Sun Safety - Something to Consider
Carol Beard, RN, BS.N, Ann C. Slocum, Ph.D., and Joanne Schultink, M.S.
Human Environment and Design Department, Michigan State University

"One in five people will be diagnosed with skin cancer sometime in his/her lifetime.  Nearly 1 million new skin cancers are diagnosed each year in the United States, and more than 40,000 of these cases are melanoma.  Annually, nearly 10,000 people die of skin cancer, including over 7,000 from melanoma" (Vetter. 1999).  "The primary cause of skin cancer is overexposure to the sun's rays, or sunburn.  These cancers can be prevented by reducing exposure to ultraviolet radiation" (Koeck, 1999).

We cannot escape the ultraviolet (UV) rays of the sun, nor should you try to.  Sunlight, in reasonable doses, enables natural immunity, promotes skin growth and healing, stimulates hormone production, and contributes to an overall sense of well being.  Getting some sunlight for 15 or 20 minutes a day enables the body to manufacture vitamin D naturally, and is responsible for the synthesis of the pigment melanin, the skin's natural sunscreen (Maier, 1999).  "UVB rays, dubbed the 'burning rays' target the upper layers of skin, and actually break down DNA. UVA rays, referred to as the 'silent killers,' penetrate farther and destroy the collagen matrix.  With all of these threatening light rays constantly battering your skin, it's easy to see how wrinkles and other photo-aging effects can occur.  The disturbance of genetic material and cell formation are the factors that lead to the development of skin cancer" (Maier, 1999).  "While tanning is the skin's protective response against damage to UV light, it does not prevent skin cancer, a disease in which malignant cells develop in the skin's outer layers" (Koeck, 1999).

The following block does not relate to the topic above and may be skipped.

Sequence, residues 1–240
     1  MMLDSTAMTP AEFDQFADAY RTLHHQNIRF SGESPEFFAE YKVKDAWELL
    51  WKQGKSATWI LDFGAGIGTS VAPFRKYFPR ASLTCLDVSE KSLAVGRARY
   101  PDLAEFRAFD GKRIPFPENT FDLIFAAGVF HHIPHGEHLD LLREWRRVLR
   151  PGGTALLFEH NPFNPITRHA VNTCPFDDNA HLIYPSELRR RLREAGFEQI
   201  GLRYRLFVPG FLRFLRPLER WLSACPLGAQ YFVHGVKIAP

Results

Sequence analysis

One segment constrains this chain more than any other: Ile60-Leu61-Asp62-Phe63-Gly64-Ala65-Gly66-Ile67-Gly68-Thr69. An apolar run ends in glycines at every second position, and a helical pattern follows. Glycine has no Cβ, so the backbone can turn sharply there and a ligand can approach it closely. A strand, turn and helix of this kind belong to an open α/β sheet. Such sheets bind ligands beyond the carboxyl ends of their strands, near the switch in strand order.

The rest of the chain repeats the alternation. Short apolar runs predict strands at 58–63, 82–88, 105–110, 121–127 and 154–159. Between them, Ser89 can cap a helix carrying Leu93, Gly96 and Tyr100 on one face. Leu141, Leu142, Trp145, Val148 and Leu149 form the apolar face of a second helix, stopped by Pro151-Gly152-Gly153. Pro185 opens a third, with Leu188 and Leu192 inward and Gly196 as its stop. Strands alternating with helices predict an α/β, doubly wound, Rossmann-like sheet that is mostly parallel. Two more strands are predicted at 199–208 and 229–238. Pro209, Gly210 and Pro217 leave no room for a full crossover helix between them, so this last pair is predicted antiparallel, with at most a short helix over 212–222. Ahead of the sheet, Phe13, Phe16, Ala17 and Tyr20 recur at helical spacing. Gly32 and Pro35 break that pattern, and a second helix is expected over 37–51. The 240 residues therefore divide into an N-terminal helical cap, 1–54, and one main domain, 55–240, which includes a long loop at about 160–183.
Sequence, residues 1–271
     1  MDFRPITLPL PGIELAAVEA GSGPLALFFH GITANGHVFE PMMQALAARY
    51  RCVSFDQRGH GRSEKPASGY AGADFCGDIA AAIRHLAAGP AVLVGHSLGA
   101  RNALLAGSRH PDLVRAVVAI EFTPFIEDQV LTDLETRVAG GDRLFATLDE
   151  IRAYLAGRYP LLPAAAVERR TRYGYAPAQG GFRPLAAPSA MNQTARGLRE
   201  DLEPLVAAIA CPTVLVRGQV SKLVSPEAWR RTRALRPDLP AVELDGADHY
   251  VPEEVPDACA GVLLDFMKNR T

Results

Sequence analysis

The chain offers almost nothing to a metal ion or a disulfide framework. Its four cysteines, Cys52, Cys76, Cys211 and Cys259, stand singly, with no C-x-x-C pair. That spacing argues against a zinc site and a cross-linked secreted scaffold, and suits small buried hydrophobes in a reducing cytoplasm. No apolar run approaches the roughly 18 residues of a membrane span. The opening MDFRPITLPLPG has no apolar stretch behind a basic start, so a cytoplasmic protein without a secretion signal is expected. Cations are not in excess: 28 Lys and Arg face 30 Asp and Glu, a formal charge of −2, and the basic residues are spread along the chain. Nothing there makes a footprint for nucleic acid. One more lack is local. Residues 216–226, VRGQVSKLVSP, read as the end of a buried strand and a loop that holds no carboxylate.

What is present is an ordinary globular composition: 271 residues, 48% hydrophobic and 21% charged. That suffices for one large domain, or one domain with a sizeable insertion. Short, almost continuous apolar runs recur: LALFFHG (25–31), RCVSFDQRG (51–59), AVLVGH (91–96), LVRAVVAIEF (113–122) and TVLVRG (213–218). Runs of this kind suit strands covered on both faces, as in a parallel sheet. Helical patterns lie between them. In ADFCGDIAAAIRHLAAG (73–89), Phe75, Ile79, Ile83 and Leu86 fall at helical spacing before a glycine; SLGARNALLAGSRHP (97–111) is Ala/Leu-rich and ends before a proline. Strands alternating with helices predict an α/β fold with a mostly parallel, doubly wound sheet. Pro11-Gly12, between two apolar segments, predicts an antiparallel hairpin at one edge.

Prevention is always easier than a cure, so that means that we need to reduce exposure to UV radiation, especially those resulting in sunburns, because just one sunburn can lead to melanoma eventually (Henderson, 1996).  In general, children are in the sun three times longer than adults, with eighty percent of damage occurring to the skin before the age of eighteen (Koeck, 1999).  Sun damage is cumulative, and severe sunburns in early years are a risk factor, but we can at any point in time begin to diminish our cumulative exposure (Lamberg, 1998).  Specific areas of sun protection that we can avail ourselves of are protective clothing, sunscreens/sun blocks, sunglasses, and avoidance of artificial UV radiation.


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